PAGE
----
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Summary: Almost every Easter Sermon deals with the empty tomb. That’s all "once a year folk" ever hear. This sermon is to catch them with the message of the cross. It applies to our sanctuary cross, but can fit most any cross.

THE CROSS OF CHRIST ...

EMPTY, BUT ALWAYS FULL ...

Dr. David L. Haun

Hope Christian Church

Tamarac, Florida

Today is Easter. Today we remember, celebrate, and give God praise for that resurrection morning. All over the world today, people will gather to celebrate the empty tomb. There were crowds out at the beach today as the sun peeked over the ocean, singing and sharing in celebration. In churches across our land, the largest crowds of the year will gather for worship.

However, as vital as is the empty tomb, there is another factor of the Easter season that is even more important for our Christian life. For equivalent to the empty tomb on this Easter morning is the essential importance of the Calvary Cross.

People don’t tend to want to dwell on the cross, especially at Easter. Easter, for most Americans is a day for bunnies and chocolate eggs. Easter’s a day of joy and celebration. As the Anglo-American poet, W.H.Auden wrote, Christmas and Easter can be subjects for poetry, but Good Friday, like Auschwitz, cannot. The reality is so horrible, it is not surprising that people should have found it a stumbling block to faith. (1)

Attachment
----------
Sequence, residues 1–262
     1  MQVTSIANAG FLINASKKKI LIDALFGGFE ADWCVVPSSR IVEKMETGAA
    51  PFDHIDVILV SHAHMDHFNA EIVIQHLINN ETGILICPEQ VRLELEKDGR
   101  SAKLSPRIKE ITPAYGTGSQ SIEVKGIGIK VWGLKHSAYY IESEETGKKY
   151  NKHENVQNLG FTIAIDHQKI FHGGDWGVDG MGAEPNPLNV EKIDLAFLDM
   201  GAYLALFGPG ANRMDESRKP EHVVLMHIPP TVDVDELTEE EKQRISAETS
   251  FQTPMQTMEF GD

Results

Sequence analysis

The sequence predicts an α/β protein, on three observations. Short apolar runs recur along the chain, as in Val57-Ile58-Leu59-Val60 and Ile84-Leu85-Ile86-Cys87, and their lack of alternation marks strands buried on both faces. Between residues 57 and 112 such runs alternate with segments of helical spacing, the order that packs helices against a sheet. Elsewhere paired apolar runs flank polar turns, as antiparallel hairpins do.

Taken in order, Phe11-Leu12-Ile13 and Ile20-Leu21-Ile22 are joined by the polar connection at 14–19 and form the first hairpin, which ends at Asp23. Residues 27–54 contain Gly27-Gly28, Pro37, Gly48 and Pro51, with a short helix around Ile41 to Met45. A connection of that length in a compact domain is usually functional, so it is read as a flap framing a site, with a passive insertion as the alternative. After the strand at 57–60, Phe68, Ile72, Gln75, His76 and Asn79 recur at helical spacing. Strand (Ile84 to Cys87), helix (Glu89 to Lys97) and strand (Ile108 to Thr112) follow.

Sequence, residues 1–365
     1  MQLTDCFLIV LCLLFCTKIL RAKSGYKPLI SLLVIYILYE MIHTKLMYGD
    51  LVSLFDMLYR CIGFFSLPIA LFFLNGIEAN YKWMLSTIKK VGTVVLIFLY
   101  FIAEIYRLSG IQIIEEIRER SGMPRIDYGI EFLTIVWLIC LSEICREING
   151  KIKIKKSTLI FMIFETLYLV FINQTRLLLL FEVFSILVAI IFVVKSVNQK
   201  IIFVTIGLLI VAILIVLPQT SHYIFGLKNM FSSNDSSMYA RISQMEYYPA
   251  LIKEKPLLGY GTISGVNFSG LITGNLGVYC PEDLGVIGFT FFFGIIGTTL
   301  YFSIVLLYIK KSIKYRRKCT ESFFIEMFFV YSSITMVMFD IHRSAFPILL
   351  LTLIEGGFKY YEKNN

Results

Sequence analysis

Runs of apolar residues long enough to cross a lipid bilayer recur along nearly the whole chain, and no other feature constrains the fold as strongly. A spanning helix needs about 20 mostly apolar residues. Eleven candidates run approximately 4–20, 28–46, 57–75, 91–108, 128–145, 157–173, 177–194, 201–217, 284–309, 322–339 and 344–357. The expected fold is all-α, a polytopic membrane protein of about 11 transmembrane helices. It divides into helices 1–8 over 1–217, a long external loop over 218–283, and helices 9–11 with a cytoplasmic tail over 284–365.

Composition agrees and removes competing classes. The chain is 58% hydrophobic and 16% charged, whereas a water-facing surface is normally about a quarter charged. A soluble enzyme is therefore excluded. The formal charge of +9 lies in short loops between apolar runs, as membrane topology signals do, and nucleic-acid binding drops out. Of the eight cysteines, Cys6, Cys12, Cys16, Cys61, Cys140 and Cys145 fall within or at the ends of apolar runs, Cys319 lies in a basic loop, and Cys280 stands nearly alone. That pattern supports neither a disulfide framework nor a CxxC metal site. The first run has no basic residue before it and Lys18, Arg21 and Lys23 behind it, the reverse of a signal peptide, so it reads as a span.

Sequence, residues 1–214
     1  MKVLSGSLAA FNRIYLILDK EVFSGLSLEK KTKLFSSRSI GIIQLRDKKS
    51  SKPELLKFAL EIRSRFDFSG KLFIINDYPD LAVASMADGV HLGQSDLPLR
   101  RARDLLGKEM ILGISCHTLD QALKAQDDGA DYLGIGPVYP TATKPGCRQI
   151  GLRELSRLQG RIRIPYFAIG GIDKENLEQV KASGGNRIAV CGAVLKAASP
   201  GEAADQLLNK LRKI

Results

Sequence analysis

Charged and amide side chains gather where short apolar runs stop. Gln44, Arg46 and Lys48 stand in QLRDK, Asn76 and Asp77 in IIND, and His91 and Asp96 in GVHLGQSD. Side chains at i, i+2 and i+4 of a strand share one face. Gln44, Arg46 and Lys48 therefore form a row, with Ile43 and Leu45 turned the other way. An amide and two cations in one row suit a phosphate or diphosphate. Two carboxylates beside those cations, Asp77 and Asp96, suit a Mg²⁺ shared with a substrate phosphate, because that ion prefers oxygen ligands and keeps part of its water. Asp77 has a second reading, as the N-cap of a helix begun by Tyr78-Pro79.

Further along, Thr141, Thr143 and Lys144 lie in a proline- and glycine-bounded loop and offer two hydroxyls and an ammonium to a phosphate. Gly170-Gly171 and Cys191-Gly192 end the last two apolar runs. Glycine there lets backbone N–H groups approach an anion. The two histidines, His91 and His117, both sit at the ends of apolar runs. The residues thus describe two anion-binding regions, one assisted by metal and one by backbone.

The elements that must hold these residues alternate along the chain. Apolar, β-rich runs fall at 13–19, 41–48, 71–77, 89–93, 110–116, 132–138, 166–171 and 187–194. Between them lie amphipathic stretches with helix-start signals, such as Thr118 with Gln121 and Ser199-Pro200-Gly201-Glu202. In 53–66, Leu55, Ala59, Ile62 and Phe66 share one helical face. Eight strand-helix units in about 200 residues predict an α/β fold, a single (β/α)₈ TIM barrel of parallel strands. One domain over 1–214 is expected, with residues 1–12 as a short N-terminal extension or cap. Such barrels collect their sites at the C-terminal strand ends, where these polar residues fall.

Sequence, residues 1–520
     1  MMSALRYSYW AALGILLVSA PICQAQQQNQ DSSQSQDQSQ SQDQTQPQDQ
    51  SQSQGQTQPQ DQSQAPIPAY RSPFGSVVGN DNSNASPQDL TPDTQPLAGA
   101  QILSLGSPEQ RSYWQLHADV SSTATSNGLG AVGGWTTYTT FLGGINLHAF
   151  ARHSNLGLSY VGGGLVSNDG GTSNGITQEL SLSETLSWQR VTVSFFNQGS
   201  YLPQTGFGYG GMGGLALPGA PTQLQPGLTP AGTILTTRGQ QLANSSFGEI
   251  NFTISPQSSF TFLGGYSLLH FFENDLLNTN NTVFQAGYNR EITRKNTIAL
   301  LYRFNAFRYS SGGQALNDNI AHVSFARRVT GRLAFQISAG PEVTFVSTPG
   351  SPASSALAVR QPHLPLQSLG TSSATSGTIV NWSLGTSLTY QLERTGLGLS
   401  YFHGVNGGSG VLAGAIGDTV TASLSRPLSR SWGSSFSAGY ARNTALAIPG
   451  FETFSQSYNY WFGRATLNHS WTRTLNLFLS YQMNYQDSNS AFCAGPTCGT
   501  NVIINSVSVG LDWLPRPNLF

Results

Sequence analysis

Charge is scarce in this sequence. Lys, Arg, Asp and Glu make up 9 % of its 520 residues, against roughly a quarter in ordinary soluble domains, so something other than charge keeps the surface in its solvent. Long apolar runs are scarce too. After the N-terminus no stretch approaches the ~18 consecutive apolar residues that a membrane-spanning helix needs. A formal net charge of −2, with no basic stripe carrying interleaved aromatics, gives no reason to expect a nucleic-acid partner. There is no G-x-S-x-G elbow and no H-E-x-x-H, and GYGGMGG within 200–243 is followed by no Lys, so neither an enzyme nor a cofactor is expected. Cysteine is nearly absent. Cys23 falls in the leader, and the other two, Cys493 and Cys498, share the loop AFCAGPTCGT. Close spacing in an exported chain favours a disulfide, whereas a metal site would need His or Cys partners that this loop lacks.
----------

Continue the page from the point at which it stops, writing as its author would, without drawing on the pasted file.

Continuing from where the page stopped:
In the Bible, the apostle Paul stated that truth a different way. For he wrote in First Corinthians that what we preach is "Christ crucified: a stumbling block to Jews and foolishness to

Gentiles,(2) The Jews could not believe that anyone would preach about the Messiah dying on a cross. After all, the Old Testament said in Deuteronomy that anyone who dies on a cross is cursed by God.(3)

The Gentiles felt that believing in a crucified god was utter foolishness. In fact, the Greek word translated foolishness was moros, from which we get our word "moron."(4) To the western, Gentile mind, one would have to be a moron to preach and believe in a dying savior.

So, it is natural for people to reject the concept of a suffering, bleeding Jesus and the horror of the crucifixion. One outcome of the Protestant Reformation and the separation from the Roman Catholic Church was to remove Christ’s body from the Crucifix. We Protestants stress that our cross is empty.

However, in American society at least, the point came that any reference to Christ’s death on the cross must be clean, inoffensive and attractive. Film Critic Robert Ebert shares that in the movie "King of Kings," made in 1961, Jeffrey Hunter, starring as the Christ, was required to shave his armpits and re-shoot the crucifixion scene, because preview audiences objected to Jesus’ hairy chest and body.(5)

Good Friday services, in which the church commemorates the cross of Christ has a much smaller interest and attendance than will be in churches today for the Easter celebration. People like to come on Easter. The meaning of Easter all like to hear is the empty tomb. However, it is the crucifixion of Jesus Christ that is the defining moment in human history.

Billy Graham’s son, Franklin Graham, writes: "Our calendar dates from Jesus’ humble birth. Our hope is in His miraculous resurrection and glorious return. But our salvation rests in His sacrificial death on that old rugged cross, where He atoned for the sins that otherwise would separate us from a holy God. That’s why we call him Savior." (6)


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